When it comes to really giving our fish the best care and giving ourselves the best chance at spawning a fish species there are two rules that I would choose to print on the front cover of every fish book and magazine.
- Rule 1. Do frequent and regular water changes.
- Rule 2. Feed a varied diet that includes some live foods.
Follow these two rules and youâ€™ve covered 95% of what you need to do in order to successfully keep and spawn most fish.
Indeed there are certain species that do better and require certain water parameters and environmental considerations and it is to the advantage of all fish that we as aquarists seek out information and learn what these additional requirements may be.
However this series of articles will look at only one of these rules and hopefully give you some ideas of what you can do to satisfy the term, varied diet.
What does a varied fish food diet mean?
It is my opinion that varied diet does NOT mean feeding a can of flake manufactured by Tetra and then buying a container of HBH and feeding until that is gone and switching to different manufacturers with each new can of food.
Certainly there are nutritionally complete foods that are on the market and most manufacturers are responsible in offering flake and pellet foods that fish will live and grow on.
This is not an attempt on my part to discredit the suitability of foods that are offered to us by manufacturers. Quite the contrary, it would be a sad day for my fish and me if all flake foods were pulled from the shelves.
I believe that varied diet is a diet that contains foods that are rotated constantly and consistently with live, frozen, flake or pellet and fresh, natural foods.
Although, we have good intentions as aquarists in meeting this goal we often fall short, falsely believing that it is time consuming or expensive. Neither is true and with a series of future articles I hope to give you a few ideas that require little time and are inexpensive.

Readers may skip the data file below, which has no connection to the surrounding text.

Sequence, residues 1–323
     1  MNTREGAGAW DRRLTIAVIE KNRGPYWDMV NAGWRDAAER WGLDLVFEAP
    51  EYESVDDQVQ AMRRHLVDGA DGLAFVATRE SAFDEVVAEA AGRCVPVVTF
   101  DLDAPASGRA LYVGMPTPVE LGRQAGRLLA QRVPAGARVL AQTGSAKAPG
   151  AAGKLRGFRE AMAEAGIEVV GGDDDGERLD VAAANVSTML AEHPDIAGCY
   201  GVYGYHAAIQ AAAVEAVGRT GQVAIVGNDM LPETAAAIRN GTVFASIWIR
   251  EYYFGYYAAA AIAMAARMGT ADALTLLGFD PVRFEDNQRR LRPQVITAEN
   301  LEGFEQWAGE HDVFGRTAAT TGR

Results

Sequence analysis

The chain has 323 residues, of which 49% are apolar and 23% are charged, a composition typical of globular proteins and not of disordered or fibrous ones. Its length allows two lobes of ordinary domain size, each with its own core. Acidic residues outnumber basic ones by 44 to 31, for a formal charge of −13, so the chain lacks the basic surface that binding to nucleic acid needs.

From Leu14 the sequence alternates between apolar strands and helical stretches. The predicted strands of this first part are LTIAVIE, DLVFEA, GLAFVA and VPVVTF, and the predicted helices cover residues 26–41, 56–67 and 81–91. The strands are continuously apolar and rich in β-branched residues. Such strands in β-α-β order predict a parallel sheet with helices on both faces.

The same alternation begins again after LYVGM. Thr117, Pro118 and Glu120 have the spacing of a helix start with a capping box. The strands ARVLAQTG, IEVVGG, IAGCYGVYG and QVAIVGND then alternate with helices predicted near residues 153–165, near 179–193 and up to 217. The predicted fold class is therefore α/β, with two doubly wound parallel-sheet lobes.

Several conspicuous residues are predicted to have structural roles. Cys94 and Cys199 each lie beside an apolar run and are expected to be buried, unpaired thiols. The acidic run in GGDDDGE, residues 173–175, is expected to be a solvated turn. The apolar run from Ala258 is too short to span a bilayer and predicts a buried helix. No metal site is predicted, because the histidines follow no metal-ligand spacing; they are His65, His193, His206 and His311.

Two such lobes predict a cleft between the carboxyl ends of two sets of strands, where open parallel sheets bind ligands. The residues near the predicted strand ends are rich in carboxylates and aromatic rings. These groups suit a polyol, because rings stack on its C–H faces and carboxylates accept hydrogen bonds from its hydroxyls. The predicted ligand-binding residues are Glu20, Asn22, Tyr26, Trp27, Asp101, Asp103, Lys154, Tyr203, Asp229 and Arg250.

Understand your fish
The first thing you should do when deciding on a diet for your fish is to learn what the diet is in the wild. Most advanced aquarist manuals will give you a clue to what the species eats in the wild.
In general fish will break down into three groups.
- Carnivore / Piscivorous: An animal that feeds on flesh / feeding on fishes.
- Herbivore: Any animal that feeds chiefly on grass and other plants.
- Omnivore: An animal that feeds on both animal and vegetable substances.
Knowing any of these feeding habits of the species of fish you are keeping will allow you to give your fish a varied diet.
Also note that very few species are exclusive feeders. For example many African cichlids may be listed as herbivores, but it would be a mistake to put them with much smaller fish and expect that the smaller fish would not be eaten.
At the other extreme the Piranha is well known as a carnivore yet examination of stomach content of wild caught fish when dissected often reveals vegetable matter in the form of plant seed that has fallen into the river